Wood Pellet Market - Growth, Trends, COVID-19 Impact, and Forecasts (2021 - 2026)

Wood Pellet Market - Growth, Trends, COVID-19 Impact, and Forecasts (2021 - 2026)

  • June 2021 •
  • 142 pages •
  • Report ID: 6101234 •
  • Format: PDF
The global wood pellet market is estimated to be USD 10.52 billion in 2020, and it is expected to reach USD 15.63 billion by 2026, at a CAGR of 7.28% during 2021-2026. Due to the COVID-19 pandemic, the market witnessed reduced demand and shortages of raw materials. However, Asia significantly had a low impact due to the already existing oversupply and suppressed consumption. The primary drivers for the market include increasing demand for wood pellets in clean energy generation, especially in the European region. However, the adoption and increasing deployment of alternative renewable energy sources such as solar photovoltaic, wind energy, and geothermal in various parts of the world is likely to hinder the market growth during the forecast period.

- The heating application held a significant market share in 2020, and it is likely to dominate the market during the forecast period.
- As per the World Bioenergy Association, wood pellets have the potential for replacing coal in power generation facilities. With technology development in recent years, wood pellets have undergone some thermal upgrading through various processes like torrefaction, hydrothermal carbonization, and steam explosion. The thermal upgrading enables wood pellets to act as a fuel with coal properties. The Asia-Pacific region with the highest number of coal power plants in the world is expected to be an opportunity for the market to grow in the near future.
- With a significant production of wood pellets during 2020, Europe is expected to dominate the market during the forecast period.

Key Market Trends
Wood Pellets for Heating Application to Dominate the Market

- Pellets are a solid biomass fuel, primarily produce from wood residues and agricultural by-products like straw. Specific advantages of pellets as compared to unprocessed biomass include standardized properties, high energy content, and high density.
- Wood pellets for heating applications are primarily used in residential and commercial sectors for food, cooking and grilling, and supplying heat to homes. Since the cost of pellets remained cheaper than that of other fuels for a long time, it becomes a more economic option, addressing the primary concern of the residential and commercial sectors. In addition to this, in 2020, the wood pellets due to oversupply experienced a sharp decline in their prices.
- In 2019, wood pellet consumption for heating application was majorly observed in Europe, followed by North America and Asia.
- As a renewable energy source, wood pellets have received subsidies and incentives from the governments in many countries, and many countries either launched or updated their policies and schemes related to wood pellets for heating applications in recent years.
- For instance, in January 2021, a new Wood and Pellet Heater Investment Tax Credit (ITC) came into effect in the United States, under which consumers buying highly efficient wood, or pellet stoves or larger residential biomass heating systems can claim a 26% tax credit that is uncapped and based on the full cost (purchase and installation) of the unit.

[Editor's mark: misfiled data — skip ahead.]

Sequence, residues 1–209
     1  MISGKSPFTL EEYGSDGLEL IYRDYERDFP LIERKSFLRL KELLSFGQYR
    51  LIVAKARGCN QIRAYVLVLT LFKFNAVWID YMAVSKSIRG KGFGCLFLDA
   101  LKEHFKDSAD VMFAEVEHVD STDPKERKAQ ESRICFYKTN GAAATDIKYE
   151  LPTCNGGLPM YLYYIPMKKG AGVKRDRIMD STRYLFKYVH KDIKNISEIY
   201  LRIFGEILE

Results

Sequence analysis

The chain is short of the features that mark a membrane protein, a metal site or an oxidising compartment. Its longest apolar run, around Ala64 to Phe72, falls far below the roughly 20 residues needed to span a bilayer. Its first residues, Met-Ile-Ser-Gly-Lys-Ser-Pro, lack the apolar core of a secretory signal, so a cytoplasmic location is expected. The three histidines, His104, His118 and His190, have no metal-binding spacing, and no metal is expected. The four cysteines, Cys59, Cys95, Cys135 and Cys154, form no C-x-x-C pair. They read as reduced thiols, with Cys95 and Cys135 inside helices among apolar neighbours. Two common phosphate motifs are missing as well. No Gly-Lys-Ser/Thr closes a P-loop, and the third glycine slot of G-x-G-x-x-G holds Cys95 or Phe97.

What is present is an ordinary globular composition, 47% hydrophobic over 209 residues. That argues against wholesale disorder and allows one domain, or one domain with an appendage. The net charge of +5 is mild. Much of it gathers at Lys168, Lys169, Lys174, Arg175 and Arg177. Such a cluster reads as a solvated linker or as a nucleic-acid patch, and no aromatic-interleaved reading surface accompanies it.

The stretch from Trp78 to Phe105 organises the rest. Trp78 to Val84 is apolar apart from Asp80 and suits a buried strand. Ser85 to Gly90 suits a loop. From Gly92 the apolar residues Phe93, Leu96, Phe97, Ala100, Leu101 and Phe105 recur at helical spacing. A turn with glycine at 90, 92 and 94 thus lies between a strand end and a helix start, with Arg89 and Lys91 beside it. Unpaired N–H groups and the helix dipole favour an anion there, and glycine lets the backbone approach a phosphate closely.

Europe to Dominate the Market

- In Europe, EU countries are a significant producer as well as consumer of wood pellets. The EU currently has approximately 25 million metric tons of wood pellet production in place, with capacity use at 74 %. As of 2019, the EU has registered a modest 5% increase in production.
- Europe’s demand for wood pellet is expected to increase by 30-40% between 2021 to 2026. Europe represents more than 50% of global pellet demand. As of 2020, European nations’ use of pellets includes residential heating (40%), power plants (36%), commercial heating (14%), and combined heat and power plants (10%). Moreover, pellets have also made their way into coal conversion projects in local authority or public administration buildings such as schools and offices.
- As of 2020, most of the co-firing power stations have either closed or converted since these early projects, with several making a move to 100% wood pellets for fuel. The largest of these is Drax Power Station in North Yorkshire, which has converted four of its six 65 MWe generating units to run exclusively on biomass and is currently evaluating options for its remaining two coal-fired units.
- As of 2020, sawmill residues make up 85% of the mix for wood pellet production, followed by roundwood (13%) and recovered wood (2%). Although the wood residues are likely to remain an important feedstock, especially in northern and western Europe, they will not be sufficient to meet the future fiber demand from the growing wood pellet sector.
- As a result, Europe will likely draw upon the experience of North American producers, who have shown it is possible to use more forest residues as fiber furnish. Additionally, the countries in the region are likely to increase their wood pellet imports as well.

Competitive Landscape
The wood pellet market is moderately consolidated. Some of the key players in the market include Enviva Partners LP, AS Graanul Invest, Drax Group Plc, Fram Renewable Fuels LLC, Segezha Group JSC, Lignetics Inc., among others.

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